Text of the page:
True Activist published a new article today about the effect that alcohol has on your appearance, to read it click here
It begins with: “Drinking alcohol might seem like the normal or ‘hip’ thing to do, but consuming it in excess over time can take a toll on one’s health.”
I am so impressed that they used the words “might seem normal”.
Ok, I know this is ‘True Activist’ an anti media news site that “exposes the truth one lie at a time” so it’s not exactly mainstream, but the message is getting out there that consuming alcohol at least in excess is not normal.
The before and after photos are very inspirational. Most of them are of young-ish I would say 20-30 somethings that obviously partied too much. The main difference in the before and after photos is their weight and also their skin tone.
This is all very encouraging but that got me thinking about weight. One of the biggest and most coveted benefits of stopping drinking is usually listed as losing weight.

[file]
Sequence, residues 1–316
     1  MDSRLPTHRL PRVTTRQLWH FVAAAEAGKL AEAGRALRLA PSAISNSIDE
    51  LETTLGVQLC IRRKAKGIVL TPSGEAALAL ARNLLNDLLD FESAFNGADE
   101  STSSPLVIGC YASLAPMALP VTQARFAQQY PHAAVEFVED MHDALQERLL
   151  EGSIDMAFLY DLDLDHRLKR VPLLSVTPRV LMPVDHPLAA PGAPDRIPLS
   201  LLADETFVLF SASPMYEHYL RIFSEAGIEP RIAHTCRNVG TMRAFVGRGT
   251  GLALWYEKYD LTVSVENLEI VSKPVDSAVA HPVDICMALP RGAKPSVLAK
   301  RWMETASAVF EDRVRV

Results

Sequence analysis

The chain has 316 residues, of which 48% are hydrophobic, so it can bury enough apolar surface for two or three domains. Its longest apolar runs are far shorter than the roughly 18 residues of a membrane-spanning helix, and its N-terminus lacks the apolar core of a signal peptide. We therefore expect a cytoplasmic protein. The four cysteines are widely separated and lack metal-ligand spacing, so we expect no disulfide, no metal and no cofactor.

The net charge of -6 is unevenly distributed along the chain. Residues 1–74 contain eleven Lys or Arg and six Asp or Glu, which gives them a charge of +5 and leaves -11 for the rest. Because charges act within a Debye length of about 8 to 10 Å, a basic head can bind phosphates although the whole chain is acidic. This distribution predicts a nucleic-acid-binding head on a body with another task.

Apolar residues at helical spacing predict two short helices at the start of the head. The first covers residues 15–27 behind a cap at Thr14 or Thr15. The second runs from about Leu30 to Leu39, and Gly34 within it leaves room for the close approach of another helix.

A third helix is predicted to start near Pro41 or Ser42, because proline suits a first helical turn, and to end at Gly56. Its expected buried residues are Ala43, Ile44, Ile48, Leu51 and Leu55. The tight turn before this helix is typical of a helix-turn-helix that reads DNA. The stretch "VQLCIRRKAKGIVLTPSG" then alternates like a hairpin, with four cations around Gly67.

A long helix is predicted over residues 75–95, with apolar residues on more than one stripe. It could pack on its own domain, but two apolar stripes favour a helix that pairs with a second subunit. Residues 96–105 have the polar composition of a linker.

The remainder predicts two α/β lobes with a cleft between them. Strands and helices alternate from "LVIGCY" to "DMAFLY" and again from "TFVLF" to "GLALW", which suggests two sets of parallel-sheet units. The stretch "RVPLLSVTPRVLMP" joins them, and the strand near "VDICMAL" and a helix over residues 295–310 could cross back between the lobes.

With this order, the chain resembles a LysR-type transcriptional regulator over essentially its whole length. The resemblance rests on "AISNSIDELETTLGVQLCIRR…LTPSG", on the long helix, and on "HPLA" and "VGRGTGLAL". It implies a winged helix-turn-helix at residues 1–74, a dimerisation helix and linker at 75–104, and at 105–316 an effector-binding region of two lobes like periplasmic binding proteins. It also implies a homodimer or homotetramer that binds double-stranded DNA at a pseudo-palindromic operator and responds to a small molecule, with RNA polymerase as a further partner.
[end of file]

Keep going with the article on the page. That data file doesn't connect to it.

The trouble is that if you have an unhealty relationship with food on top of an alcohol addiction the chances are you won’t lose any weight when you first stop drinking. In fact since I stopped drinking 3 months ago I’ve put on 5 kilograms. The 5kg might have a little something to do with the truckloads of Magnum ice cream I devoured whilst re-watching the desperate housewives boxset (you do what you gotta do during those first months to stay away from booze.)
My many previous attempts to stop drinking had not necessarily hinged on the weight thing but it was a massive motivating factor to stop. If I didn’t lose a stone in the first 3 months my resolve was significantly weakened.
I would tell myself things like: “I’m being so good by not drinking, at least I should have the benefits of looking like on of those bikini clad yoga bunnies on Instagram to make up for the sacrifice, damn it!”
This time I know its different for me. I can pick up another stone in weight and I will still stay stopped.
This time It’s not the weight, or the clear skin or the extra money or even the liver health. This time it’s about self-compassion, self-love and self-respect.
I’ve just realised as i’m typing this that I have been lost in a cycle of self-hatred, self harm and self loathing for the best part of 24 years.
No more. Enough now.